By now, that resolution to hit the gym three times a week is likely a lost cause. We mean well, but when it comes to keeping our New Year’s resolutions, we rarely follow through. Why does this happen? Commitment only starts to form when we see tangible results. Six-pack abs don’t appear after two weeks, so we drift off and focus on other things that provide the positive reinforcement we crave.
Unrealistic commitments such as rock-hard abs in 30 days -- or unattainable revenue goals -- make us feel like failures. In reality, however, we never gave ourselves a chance. We often pursue the challenges we set for ourselves alone, further damaging our chances of meeting them.
No one makes important life changes in solitude. We need accountability partners -- people who keep us in check and remind us of our goals when we falter. This need for accountability rings true with business goals as well, whether they’re set for the first quarter or updated year-round.
In business, we encounter the same obstacles to resolutions as we do in our personal lives. Overly optimistic projections and a lack of accountability and analysis darken even the best efforts before they get off the ground. To combat the temptation to slide back into old habits, we must first create an environment conducive to success.
1. Set replicable, maintainable goals. Goals shouldn’t be one-off promises based on annual reminders; they should be new behavior patterns altogether. The best resolutions are not concrete goals but revamped processes that become ingrained in our minds and company cultures.
My company maintains an automated system that gathers data and updates our key performance indicators on a weekly basis to keep us on track. Once the habits and routines get in place, the goals practically meet themselves.
2. Make goals visible. At InList, we keep a TV screen at our workplace that displays a dynamic company dashboard showing all of our key metrics, targets and goals. This encourages our team to strive toward our objectives by making them impossible to overlook. Humans are forgetful creatures -- we must constantly remind ourselves of our goals to achieve them.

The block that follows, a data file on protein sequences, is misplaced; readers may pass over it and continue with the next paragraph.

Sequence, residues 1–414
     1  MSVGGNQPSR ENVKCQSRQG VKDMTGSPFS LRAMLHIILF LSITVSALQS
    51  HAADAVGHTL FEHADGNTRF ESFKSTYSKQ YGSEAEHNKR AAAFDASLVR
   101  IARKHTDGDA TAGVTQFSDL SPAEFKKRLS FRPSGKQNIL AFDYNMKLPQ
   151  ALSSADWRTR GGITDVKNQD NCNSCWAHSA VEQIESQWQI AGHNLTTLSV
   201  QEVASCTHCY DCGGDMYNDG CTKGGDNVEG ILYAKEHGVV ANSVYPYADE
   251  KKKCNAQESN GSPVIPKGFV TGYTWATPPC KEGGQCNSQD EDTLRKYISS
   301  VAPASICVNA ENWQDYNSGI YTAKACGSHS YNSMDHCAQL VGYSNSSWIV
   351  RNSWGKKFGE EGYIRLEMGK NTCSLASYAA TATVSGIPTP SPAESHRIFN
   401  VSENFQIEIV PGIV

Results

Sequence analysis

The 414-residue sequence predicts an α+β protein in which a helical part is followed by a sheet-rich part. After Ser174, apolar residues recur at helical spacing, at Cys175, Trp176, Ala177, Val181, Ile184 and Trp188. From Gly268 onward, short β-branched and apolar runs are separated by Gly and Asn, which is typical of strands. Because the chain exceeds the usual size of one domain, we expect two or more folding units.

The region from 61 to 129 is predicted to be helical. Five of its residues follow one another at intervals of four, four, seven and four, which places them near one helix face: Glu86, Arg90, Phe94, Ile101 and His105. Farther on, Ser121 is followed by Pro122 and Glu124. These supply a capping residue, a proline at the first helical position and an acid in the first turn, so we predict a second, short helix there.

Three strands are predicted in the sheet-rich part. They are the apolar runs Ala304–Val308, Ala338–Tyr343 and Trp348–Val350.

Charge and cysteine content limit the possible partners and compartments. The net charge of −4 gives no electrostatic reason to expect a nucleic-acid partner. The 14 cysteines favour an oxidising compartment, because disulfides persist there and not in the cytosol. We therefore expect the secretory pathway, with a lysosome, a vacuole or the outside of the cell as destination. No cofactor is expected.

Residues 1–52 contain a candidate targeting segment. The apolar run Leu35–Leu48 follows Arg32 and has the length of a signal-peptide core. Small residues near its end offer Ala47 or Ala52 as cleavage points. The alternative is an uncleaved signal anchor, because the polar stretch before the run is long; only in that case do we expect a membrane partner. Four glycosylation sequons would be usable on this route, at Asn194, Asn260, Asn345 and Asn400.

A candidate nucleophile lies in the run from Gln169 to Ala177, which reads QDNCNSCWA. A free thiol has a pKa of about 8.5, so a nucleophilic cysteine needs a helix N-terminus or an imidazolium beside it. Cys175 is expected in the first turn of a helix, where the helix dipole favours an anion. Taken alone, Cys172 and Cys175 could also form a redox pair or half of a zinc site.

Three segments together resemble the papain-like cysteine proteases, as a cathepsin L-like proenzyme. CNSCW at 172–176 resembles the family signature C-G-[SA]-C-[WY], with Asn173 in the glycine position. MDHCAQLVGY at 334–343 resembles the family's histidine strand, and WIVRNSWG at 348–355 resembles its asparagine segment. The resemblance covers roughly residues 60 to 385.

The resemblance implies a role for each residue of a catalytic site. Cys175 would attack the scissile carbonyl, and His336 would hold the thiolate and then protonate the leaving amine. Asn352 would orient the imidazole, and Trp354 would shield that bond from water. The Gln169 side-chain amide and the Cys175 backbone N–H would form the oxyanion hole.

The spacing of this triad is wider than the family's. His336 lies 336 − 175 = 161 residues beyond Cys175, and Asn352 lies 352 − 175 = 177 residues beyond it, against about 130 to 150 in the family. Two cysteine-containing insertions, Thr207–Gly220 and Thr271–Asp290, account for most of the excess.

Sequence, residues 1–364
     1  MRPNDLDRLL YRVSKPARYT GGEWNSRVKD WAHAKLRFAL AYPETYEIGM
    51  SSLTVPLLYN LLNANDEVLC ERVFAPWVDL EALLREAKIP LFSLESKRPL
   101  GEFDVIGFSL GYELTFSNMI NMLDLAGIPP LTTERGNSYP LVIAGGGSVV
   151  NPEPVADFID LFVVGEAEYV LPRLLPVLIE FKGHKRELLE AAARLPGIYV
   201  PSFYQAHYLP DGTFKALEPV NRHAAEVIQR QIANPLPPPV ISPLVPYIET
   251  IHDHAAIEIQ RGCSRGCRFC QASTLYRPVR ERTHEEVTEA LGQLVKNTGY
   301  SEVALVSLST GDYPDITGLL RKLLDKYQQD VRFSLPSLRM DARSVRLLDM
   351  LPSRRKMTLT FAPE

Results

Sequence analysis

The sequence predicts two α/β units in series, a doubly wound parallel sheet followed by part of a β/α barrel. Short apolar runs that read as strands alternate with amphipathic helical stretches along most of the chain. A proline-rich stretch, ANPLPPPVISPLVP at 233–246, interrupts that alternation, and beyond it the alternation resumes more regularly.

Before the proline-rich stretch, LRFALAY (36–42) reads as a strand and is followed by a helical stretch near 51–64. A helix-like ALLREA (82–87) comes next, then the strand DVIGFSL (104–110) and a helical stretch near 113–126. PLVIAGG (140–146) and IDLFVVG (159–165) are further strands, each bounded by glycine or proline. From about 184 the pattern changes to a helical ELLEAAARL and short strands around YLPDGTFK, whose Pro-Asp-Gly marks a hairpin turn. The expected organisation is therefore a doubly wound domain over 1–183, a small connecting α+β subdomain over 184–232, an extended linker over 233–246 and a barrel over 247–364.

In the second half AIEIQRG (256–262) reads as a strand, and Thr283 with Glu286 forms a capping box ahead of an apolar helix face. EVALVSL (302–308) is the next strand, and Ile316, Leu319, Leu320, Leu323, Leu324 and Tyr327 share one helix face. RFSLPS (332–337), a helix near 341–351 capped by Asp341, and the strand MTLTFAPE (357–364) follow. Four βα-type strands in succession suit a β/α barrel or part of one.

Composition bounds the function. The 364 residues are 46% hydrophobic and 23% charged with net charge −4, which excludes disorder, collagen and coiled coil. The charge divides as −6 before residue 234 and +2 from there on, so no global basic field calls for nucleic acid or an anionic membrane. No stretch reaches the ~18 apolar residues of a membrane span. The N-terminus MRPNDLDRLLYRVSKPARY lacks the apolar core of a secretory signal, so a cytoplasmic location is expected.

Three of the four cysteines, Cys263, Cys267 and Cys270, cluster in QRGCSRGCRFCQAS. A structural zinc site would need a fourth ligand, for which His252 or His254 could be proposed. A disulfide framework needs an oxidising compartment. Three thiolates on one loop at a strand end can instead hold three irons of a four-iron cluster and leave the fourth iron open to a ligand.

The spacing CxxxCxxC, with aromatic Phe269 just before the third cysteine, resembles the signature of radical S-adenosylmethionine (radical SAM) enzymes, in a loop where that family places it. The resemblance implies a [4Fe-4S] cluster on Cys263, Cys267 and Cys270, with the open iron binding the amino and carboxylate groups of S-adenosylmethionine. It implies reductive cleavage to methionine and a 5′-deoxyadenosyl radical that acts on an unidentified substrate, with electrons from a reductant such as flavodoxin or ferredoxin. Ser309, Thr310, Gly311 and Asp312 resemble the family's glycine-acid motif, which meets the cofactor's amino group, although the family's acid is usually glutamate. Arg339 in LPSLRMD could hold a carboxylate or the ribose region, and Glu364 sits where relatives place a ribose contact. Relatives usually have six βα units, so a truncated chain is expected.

3. Attack small goals now. I like to pick a few easy wins I can accomplish over the next two to four weeks to boost my team’s motivation. After we accomplish the smaller tasks, we can attack the bigger ones while feeling capable and prepared.
4. Create action items within goals. Most goals consist of several smaller sub-goals. I’ve taken on the habit of identifying one big goal (e.g., increasing sales), then quantifying smaller portions of that goal (increasing hot leads in this area, selling more to existing clients, etc.) to measure my progress.
5. Measure constantly. In my line of work, I see businesses stumble all the time, because they fail to itemize and measure their resolutions. Waiting until the end of the year to collect and evaluate data is a great way to let a small problem turn into a big one.
At InList, our key performance indicator dashboard shows our up-to-date progress on measurements from top-line numbers (such as revenue and total downloads) to more fluid metrics (such as repeat users and retention).
6. Compare and correct. The beginning of a new resolution isn’t just a time to set new projections, but to compare last year’s projections to reality. My team and I discuss what our goals were over the last year, month or week, and ask whether we hit them, how close we were and what we could have done differently. No one knows the future, but we can all make adjustments in time to minimize mistakes today if we evaluate where costs don’t produce value and where we should refocus our efforts.
Resolutions don’t have to be hard. With the right preparation, we have the power to keep the promises we make to ourselves and build next year’s successes on top of this year’s.